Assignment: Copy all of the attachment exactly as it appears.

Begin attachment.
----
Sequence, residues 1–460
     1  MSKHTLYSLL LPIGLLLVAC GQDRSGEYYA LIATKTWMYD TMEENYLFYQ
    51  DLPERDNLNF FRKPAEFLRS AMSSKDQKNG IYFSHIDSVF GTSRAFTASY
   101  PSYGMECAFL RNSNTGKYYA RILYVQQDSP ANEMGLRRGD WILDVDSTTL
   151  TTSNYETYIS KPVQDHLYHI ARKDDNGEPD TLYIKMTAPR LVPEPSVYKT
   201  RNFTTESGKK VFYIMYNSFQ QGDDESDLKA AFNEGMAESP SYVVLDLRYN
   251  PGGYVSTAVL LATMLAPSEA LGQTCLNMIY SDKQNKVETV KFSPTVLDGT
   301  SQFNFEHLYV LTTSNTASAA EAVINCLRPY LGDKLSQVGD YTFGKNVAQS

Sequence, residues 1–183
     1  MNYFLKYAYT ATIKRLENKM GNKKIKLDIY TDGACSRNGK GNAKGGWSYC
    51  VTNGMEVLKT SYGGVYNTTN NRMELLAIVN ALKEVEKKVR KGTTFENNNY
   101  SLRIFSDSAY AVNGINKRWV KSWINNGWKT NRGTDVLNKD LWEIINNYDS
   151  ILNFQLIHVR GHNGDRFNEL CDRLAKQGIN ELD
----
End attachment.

Sequence, residues 1–460
     1  MSKHTLYSLL LPIGLLLVAC GQDRSGEYYA LIATKTWMYD TMEENYLFYQ
    51  DLPERDNLNF FRKPAEFLRS AMSSKDQKNG IYFSHIDSVF GTSRAFTASY
   101  PSYGMECAFL RNSNTGKYYA RILYVQQDSP ANEMGLRRGD WILDVDSTTL
   151  TTSNYETYIS KPVQDHLYHI ARKDDNGEPD TLYIKMTAPR LVPEPSVYKT
   201  RNFTTESGKK VFYIMYNSFQ QGDDESDLKA AFNEGMAESP SYVVLDLRYN
   251  PGGYVSTAVL LATMLAPSEA LGQTCLNMIY SDKQNKVETV KFSPTVLDGT
   301  SQFNFEHLYV LTTSNTASAA EAVINCLRPY LGDKLSQVGD YTFGKNVAQS

Sequence, residues 1–183
     1  MNYFLKYAYT ATIKRLENKM GNKKIKLDIY TDGACSRNGK GNAKGGWSYC
    51  VTNGMEVLKT SYGGVYNTTN NRMELLAIVN ALKEVEKKVR KGTTFENNNY
   101  SLRIFSDSAY AVNGINKRWV KSWINNGWKT NRGTDVLNKD LWEIINNYDS
   151  ILNFQLIHVR GHNGDRFNEL CDRLAKQGIN ELD